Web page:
David Cheshire
This book clarified what it is about the USA and religion, or rather Christianity. The strict separation of church from state produced from the outset a free, open market in faith and the people of faith responded enthusiastcially. Also since religion wasn't tied to an oppressive state (as frequently in Europe) modern Americans became much less inclined to embrace secularism as the natural partner of modernisation and democratisation (as in Europe). Hence the most powerful free-market democracy ...more
Christopher Myrick
From the D.C. bureau chief and editor of the Economist, reads as smoothly and entertainingly as the newspaper. Although the narrative begins in China, it's regrettably more of a study of the American marketplace for religion than a demonstration of how a revival of religion is changing the world. A good read for activist secularists, non-judgmentally explaining the mindset and appeal of evangelical and Muslim revivalists. The demographics discussed are more depressing, perhaps, for old-world mai ...more
Of puritains and pornographers. That is the land of america and the reason we are more "religious" then our secular european counterparts. Since america is a free market so does our preachers try to hawk their religion- constantly changing styles as to attract the next generation. The last part of the book is the true gem, because it highlights reasons why (though contrary to what most people think) Christianity is here to stay, even though Islam is the fastest growing religion. A good book for ...more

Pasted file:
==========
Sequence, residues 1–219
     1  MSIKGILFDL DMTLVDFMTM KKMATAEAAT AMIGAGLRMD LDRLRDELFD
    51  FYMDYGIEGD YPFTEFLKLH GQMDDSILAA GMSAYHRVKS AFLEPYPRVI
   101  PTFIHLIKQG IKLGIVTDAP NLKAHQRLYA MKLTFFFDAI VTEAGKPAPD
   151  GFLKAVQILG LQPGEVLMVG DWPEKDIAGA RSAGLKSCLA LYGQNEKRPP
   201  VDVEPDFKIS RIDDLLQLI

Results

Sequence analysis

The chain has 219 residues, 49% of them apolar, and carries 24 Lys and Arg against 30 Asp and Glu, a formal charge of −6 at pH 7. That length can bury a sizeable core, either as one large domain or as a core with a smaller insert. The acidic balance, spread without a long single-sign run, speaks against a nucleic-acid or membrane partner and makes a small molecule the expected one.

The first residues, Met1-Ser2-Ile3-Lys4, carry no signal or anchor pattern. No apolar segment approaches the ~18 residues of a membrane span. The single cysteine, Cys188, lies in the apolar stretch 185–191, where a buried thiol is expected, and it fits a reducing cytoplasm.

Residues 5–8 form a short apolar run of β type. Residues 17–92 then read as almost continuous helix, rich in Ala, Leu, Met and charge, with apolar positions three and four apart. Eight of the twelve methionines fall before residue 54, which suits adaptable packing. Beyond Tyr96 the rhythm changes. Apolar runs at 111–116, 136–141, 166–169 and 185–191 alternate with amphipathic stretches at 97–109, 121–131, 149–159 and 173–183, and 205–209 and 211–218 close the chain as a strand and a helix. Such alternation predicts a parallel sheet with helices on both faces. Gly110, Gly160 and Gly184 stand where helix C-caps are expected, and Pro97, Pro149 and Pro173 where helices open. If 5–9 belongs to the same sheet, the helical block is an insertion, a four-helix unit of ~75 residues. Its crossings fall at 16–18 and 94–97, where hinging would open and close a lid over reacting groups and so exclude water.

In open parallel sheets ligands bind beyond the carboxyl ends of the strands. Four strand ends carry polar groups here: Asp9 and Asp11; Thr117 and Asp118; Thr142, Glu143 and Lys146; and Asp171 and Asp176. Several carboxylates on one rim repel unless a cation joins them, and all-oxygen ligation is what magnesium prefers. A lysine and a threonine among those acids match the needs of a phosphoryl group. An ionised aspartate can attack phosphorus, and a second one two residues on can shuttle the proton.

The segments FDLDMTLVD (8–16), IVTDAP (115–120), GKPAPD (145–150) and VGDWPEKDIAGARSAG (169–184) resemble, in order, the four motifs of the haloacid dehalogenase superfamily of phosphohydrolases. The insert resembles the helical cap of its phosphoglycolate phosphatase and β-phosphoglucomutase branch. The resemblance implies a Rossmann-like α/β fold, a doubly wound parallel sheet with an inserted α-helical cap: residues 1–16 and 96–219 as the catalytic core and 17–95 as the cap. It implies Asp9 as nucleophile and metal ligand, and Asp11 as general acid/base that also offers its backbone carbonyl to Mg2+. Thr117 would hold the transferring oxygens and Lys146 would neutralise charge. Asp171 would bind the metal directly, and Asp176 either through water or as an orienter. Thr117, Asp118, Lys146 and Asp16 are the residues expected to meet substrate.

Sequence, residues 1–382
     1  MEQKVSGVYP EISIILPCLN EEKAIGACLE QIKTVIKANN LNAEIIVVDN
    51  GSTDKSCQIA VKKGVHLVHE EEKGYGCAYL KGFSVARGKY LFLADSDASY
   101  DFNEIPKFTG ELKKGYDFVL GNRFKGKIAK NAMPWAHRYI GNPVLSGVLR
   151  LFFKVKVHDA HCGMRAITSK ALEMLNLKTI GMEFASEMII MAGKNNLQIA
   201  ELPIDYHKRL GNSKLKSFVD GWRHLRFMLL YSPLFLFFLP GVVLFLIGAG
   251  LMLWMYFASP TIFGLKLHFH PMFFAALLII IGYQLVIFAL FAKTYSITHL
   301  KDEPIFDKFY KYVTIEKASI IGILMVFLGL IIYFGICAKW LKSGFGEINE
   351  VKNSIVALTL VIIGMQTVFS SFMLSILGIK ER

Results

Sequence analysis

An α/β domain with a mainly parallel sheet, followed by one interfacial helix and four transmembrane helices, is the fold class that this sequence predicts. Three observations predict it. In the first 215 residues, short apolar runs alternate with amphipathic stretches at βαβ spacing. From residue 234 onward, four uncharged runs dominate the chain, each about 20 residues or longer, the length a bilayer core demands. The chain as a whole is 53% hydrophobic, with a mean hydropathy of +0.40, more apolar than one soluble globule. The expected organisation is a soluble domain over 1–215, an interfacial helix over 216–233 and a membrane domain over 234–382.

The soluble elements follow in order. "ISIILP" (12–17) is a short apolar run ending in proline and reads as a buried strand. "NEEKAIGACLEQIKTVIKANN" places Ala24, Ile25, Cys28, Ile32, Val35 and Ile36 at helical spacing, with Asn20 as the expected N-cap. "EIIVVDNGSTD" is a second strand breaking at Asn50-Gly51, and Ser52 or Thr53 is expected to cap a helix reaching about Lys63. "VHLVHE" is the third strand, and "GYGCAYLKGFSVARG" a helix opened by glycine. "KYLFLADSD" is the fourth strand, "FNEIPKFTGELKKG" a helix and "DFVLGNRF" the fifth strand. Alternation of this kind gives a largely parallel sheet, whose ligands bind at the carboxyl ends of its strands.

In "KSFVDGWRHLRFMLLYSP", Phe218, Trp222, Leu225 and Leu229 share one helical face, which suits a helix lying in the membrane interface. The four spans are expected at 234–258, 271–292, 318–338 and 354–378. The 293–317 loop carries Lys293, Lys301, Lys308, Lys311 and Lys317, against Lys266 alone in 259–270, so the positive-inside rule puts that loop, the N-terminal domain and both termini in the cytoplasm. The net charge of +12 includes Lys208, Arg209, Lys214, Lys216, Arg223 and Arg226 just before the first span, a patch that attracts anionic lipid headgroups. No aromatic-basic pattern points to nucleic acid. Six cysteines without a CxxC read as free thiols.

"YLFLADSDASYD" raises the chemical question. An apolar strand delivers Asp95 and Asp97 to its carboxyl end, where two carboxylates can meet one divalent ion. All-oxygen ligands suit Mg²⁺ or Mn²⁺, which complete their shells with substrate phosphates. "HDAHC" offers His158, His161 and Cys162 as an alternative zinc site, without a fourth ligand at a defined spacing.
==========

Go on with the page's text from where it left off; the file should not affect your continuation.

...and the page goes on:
I’m glad I read the book. The authors don’t go incredibly deep - but they are broad and insightful as they contemplate what is happening on earth regarding religions. Because of their perspective as journalists on this beat, they are pretty well informed. I found their thoughts very provoking and challenging (in the best of ways). There is a much heavier focus on Europe and the Middle East than there is on most of the southern hemisphere - but this is not a weakness. Instead they are focusing th ...more
Oct 05, 2009 Tom marked it as to-read  ·  review of another edition
Shelves: spirituality
Most recent edition of America, National Catholic Weekly, has a thoughtful article on this book. In a nutshell, the book's authors argue that far from diminishing practice of religion around the world, modern secularism has in fact promoted a revival in religious commitment. Micklethwait is editor of The Economist, and therefore takes a non-theological approach to his subject. (On a personal note, I find this argument intriguing since the pastor at church I attend is prone to complaining about t ...more
Alex Reinhart
A fascinating book if you're interested in the interaction of religion and society. However, it has a few flaws; for example, the exhaustive research is almost overwhelming to read (there hundreds of tidbits about historical events, churches, important people, and so on), and sometimes isn't tied together effectively to support the authors' main point.